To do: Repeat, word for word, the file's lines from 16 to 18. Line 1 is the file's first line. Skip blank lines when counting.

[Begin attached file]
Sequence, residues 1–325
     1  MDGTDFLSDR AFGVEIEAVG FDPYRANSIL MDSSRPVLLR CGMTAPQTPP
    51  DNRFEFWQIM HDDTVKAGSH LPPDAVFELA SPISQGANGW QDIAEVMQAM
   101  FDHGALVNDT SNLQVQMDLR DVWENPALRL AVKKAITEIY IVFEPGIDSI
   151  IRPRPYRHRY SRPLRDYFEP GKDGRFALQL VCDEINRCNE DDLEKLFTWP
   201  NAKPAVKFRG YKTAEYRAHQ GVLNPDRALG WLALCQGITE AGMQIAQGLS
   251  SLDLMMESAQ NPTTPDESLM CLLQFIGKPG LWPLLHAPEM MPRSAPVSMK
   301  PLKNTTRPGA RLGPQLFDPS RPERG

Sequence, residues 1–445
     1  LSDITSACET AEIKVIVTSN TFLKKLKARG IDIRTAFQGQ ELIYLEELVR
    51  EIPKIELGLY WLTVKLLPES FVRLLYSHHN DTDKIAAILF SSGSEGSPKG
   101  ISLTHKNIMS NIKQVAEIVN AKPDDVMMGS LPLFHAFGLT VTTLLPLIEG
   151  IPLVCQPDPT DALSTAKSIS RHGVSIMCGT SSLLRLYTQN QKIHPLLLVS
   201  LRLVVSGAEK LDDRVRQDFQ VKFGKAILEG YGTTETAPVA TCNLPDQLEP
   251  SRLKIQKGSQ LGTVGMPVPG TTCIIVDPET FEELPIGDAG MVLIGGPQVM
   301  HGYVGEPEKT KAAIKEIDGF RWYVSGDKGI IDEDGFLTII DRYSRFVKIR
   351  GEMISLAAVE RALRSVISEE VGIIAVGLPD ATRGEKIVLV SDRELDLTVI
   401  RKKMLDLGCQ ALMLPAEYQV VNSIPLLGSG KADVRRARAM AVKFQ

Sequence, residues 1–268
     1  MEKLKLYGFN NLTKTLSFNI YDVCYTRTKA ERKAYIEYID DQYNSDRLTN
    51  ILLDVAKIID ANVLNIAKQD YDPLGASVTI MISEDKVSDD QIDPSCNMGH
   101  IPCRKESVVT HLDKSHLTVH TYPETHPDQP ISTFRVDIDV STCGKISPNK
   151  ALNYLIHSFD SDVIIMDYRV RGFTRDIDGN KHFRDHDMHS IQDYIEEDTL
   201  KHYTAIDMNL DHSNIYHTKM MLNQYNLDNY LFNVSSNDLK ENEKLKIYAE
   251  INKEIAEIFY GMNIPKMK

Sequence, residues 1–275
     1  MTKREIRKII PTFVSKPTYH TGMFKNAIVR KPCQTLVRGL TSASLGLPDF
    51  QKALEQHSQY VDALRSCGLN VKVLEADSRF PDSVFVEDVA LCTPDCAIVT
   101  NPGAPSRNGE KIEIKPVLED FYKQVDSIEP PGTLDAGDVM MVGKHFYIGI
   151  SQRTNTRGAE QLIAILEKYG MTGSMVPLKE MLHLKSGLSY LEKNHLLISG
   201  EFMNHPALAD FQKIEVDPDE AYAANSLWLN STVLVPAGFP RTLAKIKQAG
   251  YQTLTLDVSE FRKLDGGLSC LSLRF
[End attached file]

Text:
   301  HGYVGEPEKT KAAIKEIDGF RWYVSGDKGI IDEDGFLTII DRYSRFVKIR
   351  GEMISLAAVE RALRSVISEE VGIIAVGLPD ATRGEKIVLV SDRELDLTVI
   401  RKKMLDLGCQ ALMLPAEYQV VNSIPLLGSG KADVRRARAM AVKFQ